I spent much of my day yesterday struggling with making changes to my company website. Unlike the blog software which does all the ‘behind the scenes’ programming for you, my website is written in the foreign languages of software code. Years ago, I designed the layout and the graphics for the website but I had to turn to my husband (the software engineer) to actually make them a reality. He spent a weekend or so setting things up and he even wrote snippets, or bits of reusable code, to make it easy for me to maintain the site over the years. I never took on anything radical but I could change the year on the copyright and add new photography when I shot a new kitchen. Yesterday though, was a real test of his programming prowess. I wanted to move the buttons and completely change how the site looked. Would I be able to do it with what he had set up?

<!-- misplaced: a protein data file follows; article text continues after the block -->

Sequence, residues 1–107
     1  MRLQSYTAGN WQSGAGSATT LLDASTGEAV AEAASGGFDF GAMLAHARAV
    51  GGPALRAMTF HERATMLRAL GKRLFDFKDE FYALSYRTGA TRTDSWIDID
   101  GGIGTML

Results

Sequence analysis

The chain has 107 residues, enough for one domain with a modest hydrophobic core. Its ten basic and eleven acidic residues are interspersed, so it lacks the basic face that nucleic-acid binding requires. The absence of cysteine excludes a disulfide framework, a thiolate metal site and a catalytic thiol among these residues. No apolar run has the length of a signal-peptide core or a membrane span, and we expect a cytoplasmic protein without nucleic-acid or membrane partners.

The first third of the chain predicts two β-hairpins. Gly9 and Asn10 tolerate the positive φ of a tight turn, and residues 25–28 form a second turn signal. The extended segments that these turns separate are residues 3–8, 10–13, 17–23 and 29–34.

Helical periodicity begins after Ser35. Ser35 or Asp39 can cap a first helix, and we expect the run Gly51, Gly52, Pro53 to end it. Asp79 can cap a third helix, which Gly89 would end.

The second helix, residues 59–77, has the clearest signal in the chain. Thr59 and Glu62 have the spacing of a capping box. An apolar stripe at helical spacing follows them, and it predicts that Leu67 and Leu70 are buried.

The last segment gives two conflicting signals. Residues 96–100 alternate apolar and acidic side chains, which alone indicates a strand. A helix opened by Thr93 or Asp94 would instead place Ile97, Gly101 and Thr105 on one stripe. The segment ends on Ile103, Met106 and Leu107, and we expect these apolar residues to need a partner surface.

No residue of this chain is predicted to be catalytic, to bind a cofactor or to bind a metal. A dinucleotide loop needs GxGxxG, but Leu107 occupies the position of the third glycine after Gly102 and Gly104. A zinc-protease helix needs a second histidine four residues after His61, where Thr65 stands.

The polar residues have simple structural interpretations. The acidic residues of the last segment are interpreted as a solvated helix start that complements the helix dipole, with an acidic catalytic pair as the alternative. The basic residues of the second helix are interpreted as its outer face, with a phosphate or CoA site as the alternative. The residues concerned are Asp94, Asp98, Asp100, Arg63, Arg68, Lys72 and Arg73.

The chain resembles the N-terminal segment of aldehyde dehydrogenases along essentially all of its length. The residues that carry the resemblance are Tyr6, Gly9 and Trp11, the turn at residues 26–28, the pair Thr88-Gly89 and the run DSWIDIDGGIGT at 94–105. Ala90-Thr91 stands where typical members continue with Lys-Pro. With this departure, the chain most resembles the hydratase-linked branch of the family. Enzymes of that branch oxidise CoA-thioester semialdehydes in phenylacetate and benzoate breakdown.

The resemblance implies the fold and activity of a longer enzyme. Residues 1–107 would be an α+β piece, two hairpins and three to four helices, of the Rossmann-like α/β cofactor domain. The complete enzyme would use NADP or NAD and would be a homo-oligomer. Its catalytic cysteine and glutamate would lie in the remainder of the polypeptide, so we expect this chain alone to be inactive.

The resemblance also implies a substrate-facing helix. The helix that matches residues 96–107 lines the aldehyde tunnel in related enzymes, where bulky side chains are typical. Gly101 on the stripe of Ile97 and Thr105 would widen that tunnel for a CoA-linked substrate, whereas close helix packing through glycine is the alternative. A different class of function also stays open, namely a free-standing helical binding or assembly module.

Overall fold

Before I started, I made a back up of the website so, in case I failed miserably, I could always roll back. Then I forged ahead. There was a fair amount of trial and error and some false starts, but by the end of the day, I had all the pages changed and ready to upload to my service provider. I had a short list of things for which I would need his technical assistance to fine tune. I was impressed! Here I was, a kitchen designer whose last course in programming was in Fortran on punch cards, and I was successfully maintaining my website because it was well-designed. Woo hoo!
Yesterday, I posted about the use of keystones in design. The term keystone is also used to describe anything or anyone who provides, as thefreedictonary.com defines, “a central cohesive source of support and stability.” That would be my husband. Even when he isn’t around to lean on, he has done something that make my life easier. Thanks, dear! Effective today, you’re my ‘Keystone’. 🙂